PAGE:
Is It Net or Gross?

A question I get all the time is “What should the value of a practice be as a percentage of gross?”  Not only is the answer immaterial, the question itself is irrelevant.  What you do need to know is that there are three fundamental economic components to any business.  The first component is revenue, the second component is cost, and the third component is profit.  The third component (profit) is a function of subtracting the second component (costs) from the first component (revenue).  As a business owner, the only component that is yours at the end of the day is the profit.  The only component that you can use to pay for your lifestyle which includes paying off your debts, is profit (and to be more specific, it’s profit after tax).

Over the course of a year I analyze dozens and dozens of practice financial statements, and over the years I have analyzed hundreds of practice financial statements.  I have yet to come across two that are exactly the same.  Dental practice costs, not including associate costs, usually range anywhere from 40% of gross to 70% of gross, and on occasion even outside of those parameters.  Associate costs can range anywhere from 20% to 30% of gross, depending on the type of dentistry being done, and the amount of gross revenue generated from hygiene fees.

The one metric that used to be somewhat consistent was the expected return on investment (ROI).  Up until recently that return was 20%.  If a practice was fairly valued the profit (before tax) would be about 20% of value of the practice.  A practice with a $200,000 profit would have been valued at around $1M.  Due to either an abundance of dentists or a relative lack of purchasable practices, the expected return on investment has been diminished.  Buyers anxious to acquire a practice have been prepared to accept a lower return on investment.  A 20% ROI equated to a practice value which is 5 times the net profit (100% / 20% = 5).  This is called the “Multiple” and it is the common metric that experienced buyers pay the most attention to.  While a 5 times Multiple equals a 20% return, a 6 times Multiple equals a 16,7% ROI.  Today most practices sell at a 5.5 times to 6.5 times multiple.  Anything above a 7 times multiple will not leave enough profit to pay taxes and loan payments.

So how does this equate to gross?  The answer is that it doesn’t.

Let’s assume three practices all grossing $1M, one with Net Profit of 20% of gross ($200,000), another with Net Profit of 25% ($250,000) and the last with a Net Profit of 30% ($300,000).  If you were going to base value as a percentage of gross – in this example 125% of gross – that would mean that you would be prepared to pay the same for each of the three practices, even though practice three returns a 50% greater return than practice one.  Consider the following:

Practice 1
Gross                                                                                    $1,000,000
Net Profit (20%)                                                                   $200,000
Value at 125% of Gross:                                                    $1,250,000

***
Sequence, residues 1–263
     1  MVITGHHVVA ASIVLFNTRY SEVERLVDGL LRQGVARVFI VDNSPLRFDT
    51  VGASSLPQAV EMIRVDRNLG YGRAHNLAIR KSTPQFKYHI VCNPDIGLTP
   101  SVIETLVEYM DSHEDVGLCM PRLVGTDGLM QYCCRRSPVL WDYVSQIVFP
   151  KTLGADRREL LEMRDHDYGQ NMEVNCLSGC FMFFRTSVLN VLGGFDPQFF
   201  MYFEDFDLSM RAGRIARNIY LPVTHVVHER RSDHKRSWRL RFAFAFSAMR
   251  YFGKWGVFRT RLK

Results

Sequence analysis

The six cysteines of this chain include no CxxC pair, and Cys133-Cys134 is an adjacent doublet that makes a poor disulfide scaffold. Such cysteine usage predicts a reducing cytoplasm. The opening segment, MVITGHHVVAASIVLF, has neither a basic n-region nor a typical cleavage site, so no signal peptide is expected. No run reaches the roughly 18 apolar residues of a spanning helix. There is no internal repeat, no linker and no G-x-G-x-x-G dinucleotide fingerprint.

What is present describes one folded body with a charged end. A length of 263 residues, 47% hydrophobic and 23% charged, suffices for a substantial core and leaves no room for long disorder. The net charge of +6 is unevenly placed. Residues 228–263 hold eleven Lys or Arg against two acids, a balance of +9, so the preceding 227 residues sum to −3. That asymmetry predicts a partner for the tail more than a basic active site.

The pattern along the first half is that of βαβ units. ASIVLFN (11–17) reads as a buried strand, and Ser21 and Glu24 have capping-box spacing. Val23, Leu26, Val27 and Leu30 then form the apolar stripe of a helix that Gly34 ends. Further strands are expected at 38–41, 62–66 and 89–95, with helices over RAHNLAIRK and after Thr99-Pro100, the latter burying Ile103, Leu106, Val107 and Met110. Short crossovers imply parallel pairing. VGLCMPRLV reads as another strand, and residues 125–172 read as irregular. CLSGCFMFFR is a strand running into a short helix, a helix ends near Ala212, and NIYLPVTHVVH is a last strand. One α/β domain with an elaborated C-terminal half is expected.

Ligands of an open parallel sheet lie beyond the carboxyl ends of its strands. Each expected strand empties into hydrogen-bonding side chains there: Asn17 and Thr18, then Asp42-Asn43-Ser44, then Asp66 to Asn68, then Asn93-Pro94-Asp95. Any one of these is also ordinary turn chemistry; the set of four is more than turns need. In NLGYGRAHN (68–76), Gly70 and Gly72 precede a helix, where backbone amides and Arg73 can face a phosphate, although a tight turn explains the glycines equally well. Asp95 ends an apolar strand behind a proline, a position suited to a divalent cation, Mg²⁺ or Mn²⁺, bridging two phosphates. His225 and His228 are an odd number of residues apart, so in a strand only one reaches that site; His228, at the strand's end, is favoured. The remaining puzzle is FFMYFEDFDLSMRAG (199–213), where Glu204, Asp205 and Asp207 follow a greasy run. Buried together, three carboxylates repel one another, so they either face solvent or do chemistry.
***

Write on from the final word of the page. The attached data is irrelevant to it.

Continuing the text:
Value at a 5 times Net Profit:                                          $1,000,000

Practice 2
Gross                                                                                    $1,000,000
Net Profit (25%)                                                                    $250,000
Value at 125% of Gross:                                                    $1,250,000
Value at a 5 times Net Profit:                                          $1,250,000

Practice 3
Gross                                                                                    $1,000,000
Net Profit (30%)                                                                   $300,000
Value at 125% of Gross:                                                    $1,250,000
Value at a 5 times Net Profit:                                          $1,500,000

This should tell you a couple of things:

  1. If Gross Revenue was the value determining factor, and if Practice 2 was determined to be a fair trade, then the purchaser of Practice 1 would have paid too much and the vendor of Practice 3 would not have been paid enough. All other things being equal, any three investments that return $200,000, $250,000 and $300,000 should not be worth the same amount.
  2. All other things being equal, Net Profit, not to be confused with Gross Revenue, should be the number that you use to determine the value of virtually any dental practice. Value needs to be a function of your return on your investment.  In the case of a dental practice, Net Profit is your return and is the metric which should dictate value, not Gross Revenue.
  3. Now here is the important point – if you have an accountant or other advisor that is telling you that the value of you practice is a function of Gross Revenues, then seriously, you need a new accountant or advisor. If they do not understand this very basic economic principal, then what other basic business and tax principals or concepts are they getting incorrect?

I have seen too many dentists suffer major negative consequences from thinking about value as a function of Gross.  Anyone who tries to tell you that the value of either your practice, or a practice that you want to buy, should be “some percentage” of gross, is giving you very bad information and you should look elsewhere for your advice.

If you would like to discuss this blog or any other of my blogs, please contact me directly at 905-984-5816 or at dhill@hillkindy.com.